Cleo Davies (University of Warwick)
On 7 September 2023, the European Commission and the UK Prime Minister announced that the UK would be associated to Horizon Europe. It becomes the seventeenth non-EU member-state country to be associated to the EU’s flagship funding programme for research and innovation, alongside countries like Israel, Norway, Türkiye, Tunisia and Ukraine. And with negotiations either finalised or ongoing with countries such as New Zealand, South Korea, Canada and Morocco, the UK’s research institutions and researchers are being plugged back into ‘the world’s largest research programme’ following a three-year hiatus that should never have happened. What seemed a no-brainer – the UK’s continued association post-EU membership – got entangled in the politics of Brexit.
Participation in Union Programmes was negotiated as part of the future UK-EU relationship in 2020. Part V of the Trade and Cooperation Agreement (TCA), and two associated draft protocols, covered the area, and the TCA’s Specialised Committee on Participation in Union Programmes oversees implementation.
The issue was not a sticking point during the negotiations between Lord Frost’s team and the EU’s taskforce led by Michel Barnier in 2020. But whilst the terms of participation were agreed in the TCA, the two protocols outlining the particulars sealing the deal were not adopted because the EU only agreed on its Multiannual Financial Framework in December 2020, and had not yet finalised the programme’s legal framework. The draft protocols were part of a Declaration attached to the TCA in which both parties stated their ‘ambition that UK entities would be able to participate from the beginning of the programmes’.
However, when in March 2021, the UK government announced the extension of grace periods under the Protocol on Ireland and Northern Ireland, in a unilateral move and without first informing its European counterpart via the governance structures of the Withdrawal Agreement, levels of trust between the EU and the UK reached a new low point. With the UK now a third country and the terms of the future relationship with the UK settled in the TCA, the EU turned to ‘unfinished business’ under the TCA as a means to apply pressure. It took the decision to halt progress on finalising the provisions for association to Union programmes, in spite of the interests of the member states’ own research industries and the effectiveness of the research programme. Not only were UK research institutions major partners for EU-based institutes, but fragmenting research capacity also goes against the very purpose and principles of Horizon Europe.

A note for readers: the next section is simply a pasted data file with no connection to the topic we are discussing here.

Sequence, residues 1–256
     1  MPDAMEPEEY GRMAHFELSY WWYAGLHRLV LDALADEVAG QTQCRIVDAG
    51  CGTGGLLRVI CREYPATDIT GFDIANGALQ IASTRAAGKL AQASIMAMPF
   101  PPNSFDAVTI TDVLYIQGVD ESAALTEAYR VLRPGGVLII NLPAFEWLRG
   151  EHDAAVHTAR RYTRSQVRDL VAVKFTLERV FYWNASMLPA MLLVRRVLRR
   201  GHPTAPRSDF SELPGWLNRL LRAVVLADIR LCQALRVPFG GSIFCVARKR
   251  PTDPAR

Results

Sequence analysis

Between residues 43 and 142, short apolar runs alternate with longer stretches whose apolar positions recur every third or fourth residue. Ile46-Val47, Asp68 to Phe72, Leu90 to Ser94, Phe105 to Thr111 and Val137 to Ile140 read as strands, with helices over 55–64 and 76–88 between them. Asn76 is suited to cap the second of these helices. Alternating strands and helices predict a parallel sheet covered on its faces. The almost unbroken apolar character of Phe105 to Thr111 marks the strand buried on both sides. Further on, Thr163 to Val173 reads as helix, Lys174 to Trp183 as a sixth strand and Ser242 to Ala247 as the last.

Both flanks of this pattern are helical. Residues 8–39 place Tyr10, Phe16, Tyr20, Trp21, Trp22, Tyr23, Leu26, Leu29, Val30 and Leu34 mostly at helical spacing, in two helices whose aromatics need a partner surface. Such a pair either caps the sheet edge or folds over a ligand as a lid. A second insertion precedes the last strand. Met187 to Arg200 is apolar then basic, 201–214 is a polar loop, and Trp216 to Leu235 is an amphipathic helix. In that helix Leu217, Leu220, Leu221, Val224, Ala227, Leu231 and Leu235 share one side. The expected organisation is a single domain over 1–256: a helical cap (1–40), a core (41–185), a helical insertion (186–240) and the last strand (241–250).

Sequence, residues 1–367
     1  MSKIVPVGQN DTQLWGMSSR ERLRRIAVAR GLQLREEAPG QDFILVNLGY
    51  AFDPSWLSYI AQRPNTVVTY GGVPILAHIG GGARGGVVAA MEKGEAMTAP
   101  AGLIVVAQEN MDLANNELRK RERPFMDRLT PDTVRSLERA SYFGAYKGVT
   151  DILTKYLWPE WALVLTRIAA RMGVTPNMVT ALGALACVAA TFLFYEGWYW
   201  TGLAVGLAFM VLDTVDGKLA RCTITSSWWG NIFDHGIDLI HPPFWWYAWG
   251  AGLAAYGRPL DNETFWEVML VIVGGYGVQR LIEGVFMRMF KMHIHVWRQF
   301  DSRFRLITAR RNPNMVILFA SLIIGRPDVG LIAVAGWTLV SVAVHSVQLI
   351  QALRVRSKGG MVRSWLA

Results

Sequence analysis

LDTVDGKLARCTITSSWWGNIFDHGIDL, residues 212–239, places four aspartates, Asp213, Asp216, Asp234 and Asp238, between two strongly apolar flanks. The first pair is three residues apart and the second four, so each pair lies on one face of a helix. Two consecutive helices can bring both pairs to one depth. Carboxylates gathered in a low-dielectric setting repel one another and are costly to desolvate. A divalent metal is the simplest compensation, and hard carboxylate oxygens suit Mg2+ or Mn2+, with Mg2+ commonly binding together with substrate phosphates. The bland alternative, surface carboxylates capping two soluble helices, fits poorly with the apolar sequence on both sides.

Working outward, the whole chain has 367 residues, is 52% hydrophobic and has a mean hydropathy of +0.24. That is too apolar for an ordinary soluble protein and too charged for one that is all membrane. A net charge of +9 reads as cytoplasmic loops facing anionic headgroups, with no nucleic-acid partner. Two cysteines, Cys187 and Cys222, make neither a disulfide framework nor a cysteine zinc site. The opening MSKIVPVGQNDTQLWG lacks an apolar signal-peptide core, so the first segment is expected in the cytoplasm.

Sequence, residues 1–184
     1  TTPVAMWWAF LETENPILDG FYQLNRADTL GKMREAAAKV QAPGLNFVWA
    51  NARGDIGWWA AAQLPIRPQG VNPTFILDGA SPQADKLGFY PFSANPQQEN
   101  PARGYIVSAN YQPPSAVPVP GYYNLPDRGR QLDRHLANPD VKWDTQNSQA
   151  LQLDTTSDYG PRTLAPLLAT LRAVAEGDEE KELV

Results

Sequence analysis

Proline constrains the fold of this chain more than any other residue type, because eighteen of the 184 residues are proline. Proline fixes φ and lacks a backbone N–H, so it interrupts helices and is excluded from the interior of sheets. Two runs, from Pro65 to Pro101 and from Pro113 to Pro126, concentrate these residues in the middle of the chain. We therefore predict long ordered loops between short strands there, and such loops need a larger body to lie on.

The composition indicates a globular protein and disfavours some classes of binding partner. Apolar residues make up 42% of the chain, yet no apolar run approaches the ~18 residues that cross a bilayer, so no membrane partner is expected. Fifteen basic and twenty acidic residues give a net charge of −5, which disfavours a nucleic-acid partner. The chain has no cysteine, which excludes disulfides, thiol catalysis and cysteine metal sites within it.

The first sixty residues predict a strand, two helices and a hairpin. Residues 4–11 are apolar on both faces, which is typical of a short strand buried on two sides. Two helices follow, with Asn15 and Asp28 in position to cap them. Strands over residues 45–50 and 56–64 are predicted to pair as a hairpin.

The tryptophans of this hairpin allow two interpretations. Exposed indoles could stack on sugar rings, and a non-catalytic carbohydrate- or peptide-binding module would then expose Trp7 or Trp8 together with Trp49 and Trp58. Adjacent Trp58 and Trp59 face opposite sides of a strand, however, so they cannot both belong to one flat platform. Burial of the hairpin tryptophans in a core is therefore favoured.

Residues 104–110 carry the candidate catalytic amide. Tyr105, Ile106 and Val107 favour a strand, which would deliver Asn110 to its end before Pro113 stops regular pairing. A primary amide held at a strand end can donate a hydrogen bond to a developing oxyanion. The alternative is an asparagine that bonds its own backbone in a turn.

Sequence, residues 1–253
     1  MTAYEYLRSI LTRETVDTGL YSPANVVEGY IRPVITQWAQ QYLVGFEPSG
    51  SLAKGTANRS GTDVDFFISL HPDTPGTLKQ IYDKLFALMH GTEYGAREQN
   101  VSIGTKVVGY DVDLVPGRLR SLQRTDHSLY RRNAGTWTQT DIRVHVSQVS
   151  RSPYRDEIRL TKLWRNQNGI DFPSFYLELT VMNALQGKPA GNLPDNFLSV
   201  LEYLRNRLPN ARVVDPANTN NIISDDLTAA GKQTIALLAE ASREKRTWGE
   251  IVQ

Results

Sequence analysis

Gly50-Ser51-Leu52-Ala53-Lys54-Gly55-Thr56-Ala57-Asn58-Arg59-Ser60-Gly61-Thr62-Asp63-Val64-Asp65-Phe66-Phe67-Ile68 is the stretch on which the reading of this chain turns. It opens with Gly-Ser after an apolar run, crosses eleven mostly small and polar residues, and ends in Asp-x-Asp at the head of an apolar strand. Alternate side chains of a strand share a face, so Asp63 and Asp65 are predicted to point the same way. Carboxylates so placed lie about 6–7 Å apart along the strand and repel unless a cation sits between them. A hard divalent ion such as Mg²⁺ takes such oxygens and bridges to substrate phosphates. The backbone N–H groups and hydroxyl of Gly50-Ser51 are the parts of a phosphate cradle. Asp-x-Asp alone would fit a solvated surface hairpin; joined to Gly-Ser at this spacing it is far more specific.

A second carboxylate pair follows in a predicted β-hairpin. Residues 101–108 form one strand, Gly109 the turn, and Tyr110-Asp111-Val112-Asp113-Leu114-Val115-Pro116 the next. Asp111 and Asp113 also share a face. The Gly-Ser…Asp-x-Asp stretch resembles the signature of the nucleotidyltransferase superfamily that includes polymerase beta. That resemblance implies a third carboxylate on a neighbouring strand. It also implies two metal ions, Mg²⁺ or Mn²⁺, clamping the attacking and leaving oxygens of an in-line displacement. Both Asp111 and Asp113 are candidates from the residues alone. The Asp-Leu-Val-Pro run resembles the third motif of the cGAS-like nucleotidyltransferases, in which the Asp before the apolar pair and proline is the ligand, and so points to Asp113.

Nevertheless, to ensure continuity and avoid any uncertainty, UK research institutions and researchers were able to apply to the first calls under Horizon Europe. Meanwhile, the UK government launched the Horizon Europe Guarantee in November 2021 to plug the gap in funding for successful bids in the first wave of calls. Originally foreseen for a three month period, it has been extended multiple times since, reaching a total of £1.05 billion in grants delivered by end of April 2023, but below what the government had set aside for the UK’s contribution. Delays and uncertainty were adversely affecting the sector.
The successful agreement of the Windsor Framework in February 2023 broke the deadlock in EU-UK relations, thereby also paving the way for a resolution on the UK’s association to Union Programmes. Nevertheless, despite the calls from the sector and Von der Leyen’s declared ambition to move forward as quickly as possible with association, a further six months elapsed. Once again, the politics of Brexit threatened to derail finalising the UK’s participation in Union programmes.
In April, just as discussions had resumed, the UK government published its provisions for an alternative to the UK’s association to Horizon Europe, the Pioneer Prospectus. Had it been rolled out, it would have set the UK on a different path and made association to the EU programme less likely. With the UK concerned to secure ‘value-for-money’, officials and diplomats in Brussels were getting weary over the UK’s perceived attempts to renegotiate terms that were agreed in the TCA. And in July 2023, amid rumours that a deal had been agreed, Rishi Sunak delayed his decision further.
Given the rumblings from some in the Conservative Party who want to be sure of the value of the deal for the UK, including Lord Frost himself, Rishi Sunak’s decision to finalise the agreement must be welcomed.
The scope of the UK’s participation in Union Programmes has been reduced compared to the provisions in the draft Protocols attached to the TCA. Along with Horizon Europe, the UK joins the Copernicus Programme and will have access to EU Space Surveillance and Tracking services. However, the UK decided against re-joining the EU’s nuclear power programme Euratom, choosing instead to pursue its own domestic strategy.
Slowly the list of ‘unfinished business’ under the TCA is getting shorter. UK researchers will be able to access Horizon Europe funding from 2024 work programmes and onwards until 2027. They will be hoping that by then, UK-EU relations will have further normalised, avoiding any future prospect of a repeat of the delays and uncertainty of the past two and a half years.
Cleo Davies (University of Warwick) is Senior Research Fellow on the ESRC funded project ‘Living with the neighbours: the UK, EU and wider Europe’, part of the UK in a Changing Europe Programme.
Image Credits: European Union, 2020
The views expressed in this blog reflect the position of the author and not necessarily that of the Brexit Institute Blog.